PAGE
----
A front page story in the Boston Globe (No longer in the driver’s seat; for elders, giving up the keys comes with a cost: giving up their freedom) is one that could have been written any time over the past 30 years or so. In fact, the same story has been written many times, which makes me wonder why the Globe bothered publishing it again now.

It’s a 29-paragraph article, and only in paragraphs 26 and 27 do we see any reference to ride share apps. Even then, it’s done dismissively:

These days, technology offers car-less seniors more options, freeing those who can pay for rides from depending on neighbors. Unlike past generations, seniors relinquishing licenses are a mouse click away from delivery or ride-sharing services.

But in remote settings, ride-sharing services can be harder to access, and family and friends often pick up the slack.

That really misses the point. The line about “those who can pay for rides” implies that Uber and Lyft are luxury services. Actually, for people who don’t drive that many miles –which is the population we’re talking about– taking a ride share service as needed will be a lot cheaper than owning a car, paying for insurance, maintenance, parking, etc. So almost by definition,  ride share services are affordable to seniors who would otherwise be driving.

Uber and Lyft are all over the place (there are not that many “remote settings” in the Boston area). But sure, I guess that affects some people.

I’ve been impressed that even non-tech savvy people, like my 80+ year old relative are able to summon Uber and Lyft successfully.

Cars themselves are getting easier and safer for the elderly to drive. Fully autonomous vehicles are still a few years in the future, but plenty of modern cars have features like adaptive cruise control, automatic emergency braking, pedestrian detection, lane keeping assistance, and rear cross traffic warning that help older drivers compensate for declines in physical and mental capacity.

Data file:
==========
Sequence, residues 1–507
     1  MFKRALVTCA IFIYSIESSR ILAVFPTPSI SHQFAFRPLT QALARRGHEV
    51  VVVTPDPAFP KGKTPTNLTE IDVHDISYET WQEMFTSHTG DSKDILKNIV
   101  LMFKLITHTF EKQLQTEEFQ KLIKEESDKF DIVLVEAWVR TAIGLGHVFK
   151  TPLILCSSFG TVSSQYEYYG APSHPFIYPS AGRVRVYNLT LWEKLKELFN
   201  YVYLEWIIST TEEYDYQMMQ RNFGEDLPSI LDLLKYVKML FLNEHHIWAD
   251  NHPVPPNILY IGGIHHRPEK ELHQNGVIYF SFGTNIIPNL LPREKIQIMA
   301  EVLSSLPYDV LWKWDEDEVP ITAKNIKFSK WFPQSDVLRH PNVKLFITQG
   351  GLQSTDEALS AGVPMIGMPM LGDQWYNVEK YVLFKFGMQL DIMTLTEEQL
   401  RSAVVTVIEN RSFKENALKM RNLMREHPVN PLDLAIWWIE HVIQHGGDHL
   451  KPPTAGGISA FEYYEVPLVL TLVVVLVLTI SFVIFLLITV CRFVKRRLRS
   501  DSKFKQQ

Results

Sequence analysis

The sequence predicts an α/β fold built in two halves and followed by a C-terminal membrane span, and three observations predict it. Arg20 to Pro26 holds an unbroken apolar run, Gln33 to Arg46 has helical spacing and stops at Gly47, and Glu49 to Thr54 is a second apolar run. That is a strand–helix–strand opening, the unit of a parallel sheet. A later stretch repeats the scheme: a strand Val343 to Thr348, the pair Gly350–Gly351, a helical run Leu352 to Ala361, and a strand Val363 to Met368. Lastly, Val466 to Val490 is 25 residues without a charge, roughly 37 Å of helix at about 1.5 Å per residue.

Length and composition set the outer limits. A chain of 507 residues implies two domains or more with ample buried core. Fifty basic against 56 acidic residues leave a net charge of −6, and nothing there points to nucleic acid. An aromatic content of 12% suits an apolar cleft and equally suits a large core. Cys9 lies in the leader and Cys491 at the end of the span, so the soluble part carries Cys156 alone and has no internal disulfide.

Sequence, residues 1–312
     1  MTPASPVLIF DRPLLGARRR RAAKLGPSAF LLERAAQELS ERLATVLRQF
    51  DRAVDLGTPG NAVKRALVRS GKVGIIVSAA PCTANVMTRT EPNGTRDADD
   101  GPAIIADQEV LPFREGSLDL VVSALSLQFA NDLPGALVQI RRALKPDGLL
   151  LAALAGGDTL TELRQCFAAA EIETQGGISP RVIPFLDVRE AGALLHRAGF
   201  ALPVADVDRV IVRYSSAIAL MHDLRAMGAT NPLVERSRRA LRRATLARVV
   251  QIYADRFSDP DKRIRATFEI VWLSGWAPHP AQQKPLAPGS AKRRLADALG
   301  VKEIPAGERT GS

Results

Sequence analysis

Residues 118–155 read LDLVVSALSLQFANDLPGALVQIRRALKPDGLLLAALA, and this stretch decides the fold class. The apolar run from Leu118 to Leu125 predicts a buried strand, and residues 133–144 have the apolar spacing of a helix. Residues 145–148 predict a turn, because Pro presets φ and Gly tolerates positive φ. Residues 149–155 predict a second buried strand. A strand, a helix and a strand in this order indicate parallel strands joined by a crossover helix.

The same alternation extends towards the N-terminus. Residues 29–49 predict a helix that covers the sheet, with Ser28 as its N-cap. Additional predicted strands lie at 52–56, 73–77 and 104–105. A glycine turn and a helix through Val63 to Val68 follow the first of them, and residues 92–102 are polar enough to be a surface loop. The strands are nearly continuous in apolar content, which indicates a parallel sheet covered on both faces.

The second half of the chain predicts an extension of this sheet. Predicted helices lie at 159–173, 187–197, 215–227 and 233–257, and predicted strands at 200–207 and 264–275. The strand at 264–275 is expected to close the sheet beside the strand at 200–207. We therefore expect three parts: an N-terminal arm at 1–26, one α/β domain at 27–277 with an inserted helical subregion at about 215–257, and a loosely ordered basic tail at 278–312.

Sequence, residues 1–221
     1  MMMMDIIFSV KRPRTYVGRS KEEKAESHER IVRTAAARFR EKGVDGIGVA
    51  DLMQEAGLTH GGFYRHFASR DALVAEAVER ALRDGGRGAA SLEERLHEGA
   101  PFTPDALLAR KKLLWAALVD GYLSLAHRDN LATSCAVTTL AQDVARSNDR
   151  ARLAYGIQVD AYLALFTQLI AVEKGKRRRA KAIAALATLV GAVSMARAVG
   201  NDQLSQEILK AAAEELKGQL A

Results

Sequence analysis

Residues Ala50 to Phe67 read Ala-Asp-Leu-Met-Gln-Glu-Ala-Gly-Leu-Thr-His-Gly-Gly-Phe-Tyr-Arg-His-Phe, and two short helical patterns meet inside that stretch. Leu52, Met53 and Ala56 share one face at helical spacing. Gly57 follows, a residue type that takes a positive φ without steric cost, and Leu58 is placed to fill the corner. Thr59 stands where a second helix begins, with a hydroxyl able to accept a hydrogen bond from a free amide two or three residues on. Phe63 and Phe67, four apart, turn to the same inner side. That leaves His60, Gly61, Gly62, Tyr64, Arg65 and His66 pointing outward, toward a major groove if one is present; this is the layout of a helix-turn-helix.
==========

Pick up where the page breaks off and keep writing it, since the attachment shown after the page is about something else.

Those get no mention in the article.

It’s also worth pointing out that elderly drivers are not that big of a threat to the public. They drive fewer miles, wear seatbelts, and are generally mellow behind the wheel. Inevitably, some die. Part of the reason is that older people are more frail, and more likely to die in an accident that a younger person would survive.

By healthcare business consultant David E. Williams, president of Health Business Group.

 

 

Judgment day at Planet Fitness

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No judgment

My hotel in NYC has a decent gym, but I was looking for something more. So I visited the Planet Fitness right on the same block. I’d never been to a Planet Fitness before, but right away I noticed something odd. “Judgement free zone,” is plastered all over the place. It’s on the walls and every piece of equipment –pretty much everywhere.

Back in the day (before spell checkers) I was a good speller. I did well in the spelling bee at summer camp as a kid. (I didn’t win, because I got nervous and misspelled the word “recommend,” even though I knew better.) Still, I can usually spot a typo, and I didn’t think the American version needed that extra “e.”

Sure enough, Easy Street blogged about this very topic five years ago.

Misspellings provoke judgment from readers who catch errors. However, as with most misspellers, Planet Fitness had moved on. According to a spokesperson, “Spelling judgement with an ‘e’ started out as a mistake. Back in 1998 we considered changing it to the traditional spelling, but decided to keep it because it fit with our brand personality—we are judgment free on all matters, so what better way to demonstrate this than by keeping the original incorrect spelling.”

Who really cares? No one.

But it did get me thinking about how computerized tools and artificial intelligence can rob us of certain skills and brain function, even a they relieve drudgery and improve quality and consistency. Think about the GPS. On the one hand, it guides me to the optimal route and gives me the confidence to explore unknown areas. On the other hand, I can barely read a map these days or learn new routes on my own.